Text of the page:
Dirty Sanchez

| September 14, 2006

Any number of descriptive words couldn’t really do justice to what goes on in this film. I could use sickening, debauched, savage, outrageous but these are just words and are by no means in anyway adequate to describe what the viewer will see. New cinematic lows are reached, forget John Waters, forget Asia Extreme, those are merely works of fiction, this, dear reader, is the real thing. These four lads, three of them Welsh and one Londoner put themselves through a depraved and darkening series of stunts. The Marquis de Sade has got nothing on these guys.
It also stars the legendary drug baron, raconteur and self proclaimed nice guy Mr Howard Marks as Lucifer, who challenges the foul foursome to commit the seven deadly sins in seven different countries. This sets in motion a trawl through a debased series of events; to quote the Pixies, looks like these former skaters wanted to grow up to be, be a debaser – slicing up eyeballs one of the only things they don’t do, but we do bear witness to some truly heinous feats. I can hear the Daily Mail reading majority now gathering their ranks to march on No. 10 and launch a counter-attack to the boy’s WMD (Weapon of Moral Destruction) and decry how the world has slipped, once more, into ruin. Not that this sort of behaviour is new, or even new to film, the carnivalesque has always been a topic film makers can’t seem to leave alone from B-movie maestro’s like Roger Corman to David Lynch and Todd Browning. Pushing the boundaries of taste is something these lads see as their duty, you can see it as them carrying on a, erm, ‘noble’ tradition that has its routes right back in the Renaissance carnival culture of old. If he were still alive today French Renaissance writer François Rabelais would be rejoicing, probably championing the primordial gaiety and hierarchal destruction inherent in the boys work. Probably.
Being both hilarious and mind-blowingly sickening you won’t know whether to launch your lunch or laugh, so most likely you’ll be doing both – at the same time. Expect to take a nose full of regurgitated popcorn mixed with stomach lining and coca-cola. Think of the scene in Stand by Me at the pie eating contest, that’s how the cinema’s going to look. You’ll cringe with pain as you see a grown man take 104 paintballs to the body in the name of breaking a (non-existent) world record. Gasp at seeing someone having liposuction without any anaesthetic and then recoil in horror when the fat from his stomach resurfaces later to be used in a gruesome game of Thai Roulette. You’ll feel faint as grown men utilise staple guns and cigar cutters to mutilate their bodies and retract in abject disbelief as they put things in their mouths you wouldn’t even want to look at. Then gag as you see a man have a beer enema and a friend drink the resulting fluid, avec faecal content. Attack ships on fire of the shoulder of Orion? Pah! That’s nothing compared to these images, which will burn themselves onto your retina and make an indelible mark on your psyche; these boys are twisted, sadomasochistic, perverted and absolutely indefinable. You will be discombobulated and will fear for humanities survival, but my god, you’ll laugh like hell. To paraphrase the late great Hunter S Thompson whose apocalyptic, anarchic and frenetic language would go hand in hand with the extreme activities up on screen–these boys are just another bunch of freaks in the freak kingdom.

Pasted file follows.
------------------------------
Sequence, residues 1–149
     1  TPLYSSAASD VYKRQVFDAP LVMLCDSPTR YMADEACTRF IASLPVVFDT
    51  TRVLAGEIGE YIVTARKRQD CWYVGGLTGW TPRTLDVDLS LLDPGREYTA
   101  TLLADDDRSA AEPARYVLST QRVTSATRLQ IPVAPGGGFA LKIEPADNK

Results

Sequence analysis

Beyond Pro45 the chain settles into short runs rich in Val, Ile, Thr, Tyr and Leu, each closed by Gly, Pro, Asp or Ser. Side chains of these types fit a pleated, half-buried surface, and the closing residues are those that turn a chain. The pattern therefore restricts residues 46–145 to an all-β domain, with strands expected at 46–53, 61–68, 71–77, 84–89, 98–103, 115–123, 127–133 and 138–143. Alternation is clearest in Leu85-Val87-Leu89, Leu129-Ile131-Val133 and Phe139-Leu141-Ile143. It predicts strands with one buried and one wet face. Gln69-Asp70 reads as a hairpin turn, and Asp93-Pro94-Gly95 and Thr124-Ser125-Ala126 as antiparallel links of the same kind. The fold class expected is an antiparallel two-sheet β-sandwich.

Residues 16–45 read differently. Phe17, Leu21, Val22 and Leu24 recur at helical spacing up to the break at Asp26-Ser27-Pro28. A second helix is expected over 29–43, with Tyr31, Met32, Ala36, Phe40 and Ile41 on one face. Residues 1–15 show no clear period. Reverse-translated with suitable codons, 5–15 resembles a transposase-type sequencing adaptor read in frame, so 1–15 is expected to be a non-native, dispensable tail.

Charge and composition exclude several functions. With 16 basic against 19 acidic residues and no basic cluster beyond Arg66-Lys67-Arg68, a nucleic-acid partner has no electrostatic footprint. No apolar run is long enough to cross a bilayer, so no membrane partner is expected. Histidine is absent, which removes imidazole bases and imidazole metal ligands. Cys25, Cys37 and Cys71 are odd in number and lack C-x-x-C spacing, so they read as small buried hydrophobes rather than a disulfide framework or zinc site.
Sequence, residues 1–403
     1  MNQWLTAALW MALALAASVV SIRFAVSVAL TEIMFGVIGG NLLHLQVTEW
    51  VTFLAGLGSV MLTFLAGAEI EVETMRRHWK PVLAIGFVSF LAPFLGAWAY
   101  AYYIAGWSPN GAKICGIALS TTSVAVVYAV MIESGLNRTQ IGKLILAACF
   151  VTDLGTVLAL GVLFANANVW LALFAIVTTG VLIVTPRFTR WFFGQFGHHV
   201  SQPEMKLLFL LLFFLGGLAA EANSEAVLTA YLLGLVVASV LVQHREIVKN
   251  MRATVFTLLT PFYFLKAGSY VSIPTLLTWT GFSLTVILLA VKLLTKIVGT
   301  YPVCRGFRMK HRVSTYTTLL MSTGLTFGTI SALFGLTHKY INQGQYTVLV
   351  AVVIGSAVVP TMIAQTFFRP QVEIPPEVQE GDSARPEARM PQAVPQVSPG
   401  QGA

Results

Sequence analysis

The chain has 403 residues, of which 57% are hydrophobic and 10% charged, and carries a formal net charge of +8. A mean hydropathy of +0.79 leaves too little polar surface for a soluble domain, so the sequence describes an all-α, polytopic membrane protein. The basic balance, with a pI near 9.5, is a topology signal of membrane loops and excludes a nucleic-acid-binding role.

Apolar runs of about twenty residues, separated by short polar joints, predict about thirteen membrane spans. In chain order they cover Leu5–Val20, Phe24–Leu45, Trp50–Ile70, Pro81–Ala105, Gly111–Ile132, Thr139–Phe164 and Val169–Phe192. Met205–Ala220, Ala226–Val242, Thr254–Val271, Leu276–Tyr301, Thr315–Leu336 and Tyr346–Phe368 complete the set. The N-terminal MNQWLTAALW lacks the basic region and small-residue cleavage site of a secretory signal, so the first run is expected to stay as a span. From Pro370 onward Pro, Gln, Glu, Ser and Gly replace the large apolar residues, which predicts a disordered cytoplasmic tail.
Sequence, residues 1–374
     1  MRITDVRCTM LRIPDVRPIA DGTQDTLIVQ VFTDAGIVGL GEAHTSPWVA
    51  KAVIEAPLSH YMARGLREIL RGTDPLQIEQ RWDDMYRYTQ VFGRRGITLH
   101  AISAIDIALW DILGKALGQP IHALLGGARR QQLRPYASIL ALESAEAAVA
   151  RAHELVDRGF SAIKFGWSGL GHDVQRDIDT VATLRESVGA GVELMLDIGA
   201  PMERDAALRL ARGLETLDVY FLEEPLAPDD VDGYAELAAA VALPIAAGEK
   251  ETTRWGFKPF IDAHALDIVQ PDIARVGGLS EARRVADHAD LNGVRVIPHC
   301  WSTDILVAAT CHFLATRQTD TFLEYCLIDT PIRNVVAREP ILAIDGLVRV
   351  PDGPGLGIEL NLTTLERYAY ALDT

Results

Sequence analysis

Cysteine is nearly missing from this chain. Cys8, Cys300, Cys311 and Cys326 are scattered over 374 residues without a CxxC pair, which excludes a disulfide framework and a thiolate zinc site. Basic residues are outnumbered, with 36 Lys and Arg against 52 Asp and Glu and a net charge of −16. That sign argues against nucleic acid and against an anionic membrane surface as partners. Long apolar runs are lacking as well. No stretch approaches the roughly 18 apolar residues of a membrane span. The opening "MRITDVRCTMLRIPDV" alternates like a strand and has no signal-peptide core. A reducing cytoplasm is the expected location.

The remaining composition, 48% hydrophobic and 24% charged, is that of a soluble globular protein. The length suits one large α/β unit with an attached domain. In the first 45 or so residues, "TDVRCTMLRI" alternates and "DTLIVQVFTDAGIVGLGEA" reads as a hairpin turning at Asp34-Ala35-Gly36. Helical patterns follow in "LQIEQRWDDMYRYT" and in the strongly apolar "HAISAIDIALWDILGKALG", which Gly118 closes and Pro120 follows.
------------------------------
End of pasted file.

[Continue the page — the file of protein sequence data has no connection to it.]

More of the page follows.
But, for all that goes on it’s pretty hard to dislike these affable chaps and while the stunts are pretty grim, it’s the way the film’s executed and the tremendous sense of fun in such warped circumstances that will allow even the most civilised, condescending and hypocritical amongst us to suspend their moral judgement in favour of a smile, or perhaps even a small chuckle–an instant cult classic.

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